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Article
May 1997

Treatment of Depression Improves Adherence to Interferon Beta-1b Therapy for Multiple Sclerosis

Author Affiliations

From the University of California, San Francisco (Drs Mohr and Goodkin and Ms Gatto); Pacific Graduate School of Psychology, Palo Alto, Calif (Dr Mohr and Ms Baumann); Kaiser Permanente Medical Care Group of Northern California, Oakland (Dr Likosky); and the Cleveland Clinic Foundation, Cleveland, Ohio (Dr Rudick).

Arch Neurol. 1997;54(5):531-533. doi:10.1001/archneur.1997.00550170015009
Abstract

Objectives:  To examine the relationship between patient-reported depression and adherence to therapy with interferon beta-lb (IFNβ-1b) and to test the hypothesis that treatment of depression is associated with improved adherence.

Design:  Patients with multiple sclerosis were followed up 6 months after initiating therapy with IFNβ-1b. Setting: A university outpatient multiple sclerosis center, an academic group practice, and a health maintenance organization.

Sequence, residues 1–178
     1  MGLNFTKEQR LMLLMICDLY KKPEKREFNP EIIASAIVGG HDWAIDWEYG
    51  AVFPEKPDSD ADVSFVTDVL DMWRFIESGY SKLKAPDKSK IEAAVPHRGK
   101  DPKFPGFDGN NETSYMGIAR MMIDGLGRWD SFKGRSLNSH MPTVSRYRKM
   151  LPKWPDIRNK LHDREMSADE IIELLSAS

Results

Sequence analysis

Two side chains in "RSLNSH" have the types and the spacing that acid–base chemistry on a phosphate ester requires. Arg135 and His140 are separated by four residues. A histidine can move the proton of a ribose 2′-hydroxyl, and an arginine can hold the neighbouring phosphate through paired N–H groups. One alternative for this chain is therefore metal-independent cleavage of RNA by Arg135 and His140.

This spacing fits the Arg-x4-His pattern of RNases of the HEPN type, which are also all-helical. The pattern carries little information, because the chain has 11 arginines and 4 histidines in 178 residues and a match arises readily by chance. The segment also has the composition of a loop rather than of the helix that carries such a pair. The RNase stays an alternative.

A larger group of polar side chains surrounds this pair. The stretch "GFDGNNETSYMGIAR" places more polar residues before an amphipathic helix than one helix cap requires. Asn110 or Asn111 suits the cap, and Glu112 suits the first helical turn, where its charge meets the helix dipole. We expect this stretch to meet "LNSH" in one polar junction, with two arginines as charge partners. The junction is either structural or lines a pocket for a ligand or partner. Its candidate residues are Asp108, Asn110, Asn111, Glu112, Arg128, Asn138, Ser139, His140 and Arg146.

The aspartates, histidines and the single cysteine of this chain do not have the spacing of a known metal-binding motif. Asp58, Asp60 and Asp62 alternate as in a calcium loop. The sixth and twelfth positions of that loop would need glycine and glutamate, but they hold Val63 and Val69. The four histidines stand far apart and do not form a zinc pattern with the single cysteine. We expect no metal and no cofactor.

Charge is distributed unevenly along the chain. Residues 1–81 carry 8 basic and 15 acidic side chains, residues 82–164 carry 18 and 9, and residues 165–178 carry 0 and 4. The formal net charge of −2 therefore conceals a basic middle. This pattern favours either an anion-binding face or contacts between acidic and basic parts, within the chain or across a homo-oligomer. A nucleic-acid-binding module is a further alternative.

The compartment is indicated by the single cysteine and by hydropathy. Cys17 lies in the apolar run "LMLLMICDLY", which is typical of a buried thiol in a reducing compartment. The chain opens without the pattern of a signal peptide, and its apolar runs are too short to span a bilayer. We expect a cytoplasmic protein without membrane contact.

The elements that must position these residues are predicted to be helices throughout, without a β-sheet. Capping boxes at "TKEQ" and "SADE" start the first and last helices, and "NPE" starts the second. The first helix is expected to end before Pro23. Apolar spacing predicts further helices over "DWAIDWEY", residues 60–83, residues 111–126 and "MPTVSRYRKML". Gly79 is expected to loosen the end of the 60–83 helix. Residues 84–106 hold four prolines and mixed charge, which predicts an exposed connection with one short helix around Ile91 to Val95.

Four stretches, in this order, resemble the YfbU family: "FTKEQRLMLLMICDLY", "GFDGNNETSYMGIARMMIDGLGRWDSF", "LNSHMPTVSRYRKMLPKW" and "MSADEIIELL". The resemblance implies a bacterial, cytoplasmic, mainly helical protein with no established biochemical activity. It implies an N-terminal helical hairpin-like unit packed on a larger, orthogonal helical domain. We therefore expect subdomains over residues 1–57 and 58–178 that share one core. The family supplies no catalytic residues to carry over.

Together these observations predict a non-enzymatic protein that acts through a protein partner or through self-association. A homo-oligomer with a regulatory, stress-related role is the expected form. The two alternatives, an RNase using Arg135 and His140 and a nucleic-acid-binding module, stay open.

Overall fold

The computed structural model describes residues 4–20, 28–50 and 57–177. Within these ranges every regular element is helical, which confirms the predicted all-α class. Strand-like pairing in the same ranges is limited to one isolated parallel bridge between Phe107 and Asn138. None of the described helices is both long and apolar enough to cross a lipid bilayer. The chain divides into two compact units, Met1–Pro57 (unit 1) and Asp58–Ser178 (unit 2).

Patients:  Eighty-five patients with clinically evident multiple sclerosis taking IFNβ-1b.

Main Outcome Measure:  Follow-up questionnaire.

Results:  Thirty-five (41%) of the 85 patients reported new or increased depression within 6 months of initiating therapy with IFNβ-1b. Patients experiencing symptoms of depression were more likely to discontinue therapy. Among the patients reporting new or increased depression, 86% who received psychotherapy or antidepressant medication and 38% of the patients who received no therapy for depression continued the IFNβ-1b therapy (P=.003). Although psychotherapy was used as a treatment option more frequently in university and academic group practice—based multiple sclerosis clinics than in the health maintenance organization (P=.02), the treatment adherence patterns were similar across sites.

Conclusions:  These findings support previous findings that patients report increased depression after initiating therapy with IFNβ-1b. Although the source of this depression is unclear, these findings suggest that treating patient-reported depression increases adherence to treatment.

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